Monday, March 5, 2012

Bible "Prophecies" Of Jesus Christ


It is claimed by fundamentalist Christian apologists that there are over 300 prophecies about Jesus Christ in the Old Testament that are fulfilled in the New Testament. One Church-of-Christ preacher even had this as his number one reason that one should consider the Bible the inspired word of God. But when one critically examines this extraordinary claim one finds that it, like all other miraculous claims by these fundamentalist Christian apologists, is all wishful thinking. The following post is taken from chapter 13 of Joseph Wheeless's, *Is It God's Word?*:


THE "PROPHECIES" OF JESUS CHRIST

The Miraculous "Virgin Birth" of Jesus
Matthew, whose gospel was written later, comes first in the order of gospels in our printed collections, for the reason that he gives a detailed "revelation" of the manner of miraculous conception and virgin birth of the Subject of his biography. He begins his book with the genealogy of Jesus, which we elsewhere take notice of. He then proceeds with inspired pen to record:

"Now the birth of Jesus Christ was on this wise: When as his mother Mary was espoused to Joseph, before they came together, she was found with child of the Holy Ghost. Then Joseph her husband, being a just man, not willing to make her a public example, was minded to put her away privily. But while he thought on these things, behold, the angel of Yahveh appeared unto him in a dream, saying, Joseph, thou son of David, fear not to take unto thee Mary thy wife: for that which is conceived in her is of the Holy Ghost. And she shall bring forth a son, and thou shalt call his name JESUS: for he shall save his people from their sins." (Matt. i, 18-21)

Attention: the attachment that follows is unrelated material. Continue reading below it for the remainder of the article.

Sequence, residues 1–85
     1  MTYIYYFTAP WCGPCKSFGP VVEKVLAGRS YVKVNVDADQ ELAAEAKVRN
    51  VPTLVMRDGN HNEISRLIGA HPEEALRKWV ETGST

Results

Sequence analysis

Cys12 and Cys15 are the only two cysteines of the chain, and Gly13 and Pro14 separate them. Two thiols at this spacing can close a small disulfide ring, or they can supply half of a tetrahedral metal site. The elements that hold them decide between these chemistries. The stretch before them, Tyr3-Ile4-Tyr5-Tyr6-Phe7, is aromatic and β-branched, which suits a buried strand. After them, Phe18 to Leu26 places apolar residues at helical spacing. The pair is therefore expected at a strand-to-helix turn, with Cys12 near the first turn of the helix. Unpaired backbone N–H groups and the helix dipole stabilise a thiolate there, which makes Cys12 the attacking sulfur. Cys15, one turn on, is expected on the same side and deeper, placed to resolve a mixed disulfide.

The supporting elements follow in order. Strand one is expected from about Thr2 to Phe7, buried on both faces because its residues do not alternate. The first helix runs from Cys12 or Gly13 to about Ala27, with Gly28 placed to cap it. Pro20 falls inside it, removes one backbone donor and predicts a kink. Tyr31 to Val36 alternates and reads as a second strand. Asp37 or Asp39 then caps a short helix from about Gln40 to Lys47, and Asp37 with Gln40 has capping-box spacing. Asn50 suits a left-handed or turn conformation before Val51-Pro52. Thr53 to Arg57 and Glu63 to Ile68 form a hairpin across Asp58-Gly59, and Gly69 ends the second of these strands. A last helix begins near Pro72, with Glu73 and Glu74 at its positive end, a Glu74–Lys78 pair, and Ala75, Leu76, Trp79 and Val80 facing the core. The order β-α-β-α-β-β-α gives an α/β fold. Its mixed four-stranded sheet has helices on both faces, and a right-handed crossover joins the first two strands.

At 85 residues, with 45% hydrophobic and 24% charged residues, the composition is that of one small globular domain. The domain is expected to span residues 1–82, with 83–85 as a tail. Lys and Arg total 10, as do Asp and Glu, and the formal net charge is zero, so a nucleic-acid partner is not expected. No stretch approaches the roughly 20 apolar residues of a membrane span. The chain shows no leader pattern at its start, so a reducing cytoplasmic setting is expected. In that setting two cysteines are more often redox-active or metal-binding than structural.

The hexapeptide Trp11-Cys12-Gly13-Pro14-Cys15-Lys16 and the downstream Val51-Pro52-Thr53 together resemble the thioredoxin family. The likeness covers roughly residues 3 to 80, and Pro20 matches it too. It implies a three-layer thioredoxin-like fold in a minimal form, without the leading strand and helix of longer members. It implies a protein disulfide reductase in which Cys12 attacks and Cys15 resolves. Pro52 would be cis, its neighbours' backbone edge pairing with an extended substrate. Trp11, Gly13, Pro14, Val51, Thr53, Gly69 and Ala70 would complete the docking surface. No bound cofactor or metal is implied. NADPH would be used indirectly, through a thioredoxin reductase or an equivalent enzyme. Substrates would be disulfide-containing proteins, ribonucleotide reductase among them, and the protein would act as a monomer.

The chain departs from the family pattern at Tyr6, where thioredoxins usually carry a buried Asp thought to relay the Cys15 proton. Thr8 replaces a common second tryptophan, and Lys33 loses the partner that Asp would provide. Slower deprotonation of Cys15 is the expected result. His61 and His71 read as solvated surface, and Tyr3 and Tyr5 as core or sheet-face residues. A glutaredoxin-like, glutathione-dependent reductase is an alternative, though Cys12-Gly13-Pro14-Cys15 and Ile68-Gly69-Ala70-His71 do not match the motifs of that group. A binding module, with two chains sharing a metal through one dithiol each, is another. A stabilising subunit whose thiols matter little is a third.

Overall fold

The foregoing is pure fiction; here follows the crowning instance wherein "the false pen of the scribes hath wrought falsely":

"Now all this was done, that it might be fulfilled which was spoken of the Lord [Heb., Yahveh] by the prophet, saying, Behold, a virgin shall be with child, and shall bring forth a son, and they shall call his name Emmanuel, which being interpreted is, God with us."

For this "prophecy" of the virgin birth of the Child Jesus, the marginal reference is to the Old Testament, Isaiah vii, 14, as the inspired "source" of the assertion made by Matthew. True, it says nothing of any miraculous pregnancy of any woman by the Holy Ghost, who was wholly unknown in the Old Testament; but this we do find, as rendered by the "false pen of the scribes" who translated Isaiah:

"Therefore the Lord himself shall give you a sign; Behold, a virgin shall conceive, and bear a son, and shall call his name Immanuel." (Isa. vii, 14)

The King James, or Authorized Version, or translation, puts into the margin opposite this verse the words "Or, thou, O virgin, shalt call." Nothing like this is in the Hebrew text.

We turn to the Hebrew text of this most wonderful of the "prophecies," and may well be amazed to find that it is falsely translated. The actual Hebrew words, read from right to left, and transliterated, so that the reader who knows no Hebrew may at least catch some words already become familiar, are:

"laken yittan adonai hu lakem oth hinneh ha-almah harah ve-yeldeth ben ve-karath shem-o immanuel."

Literally translated into English, in the exact order of the Hebrew words, the "prophecy" reads:

"Therefore shall-give my-lord he [himself] to you sign behold the-maid conceived [is pregnant] and-beareth son and- calleth name-his immanuel."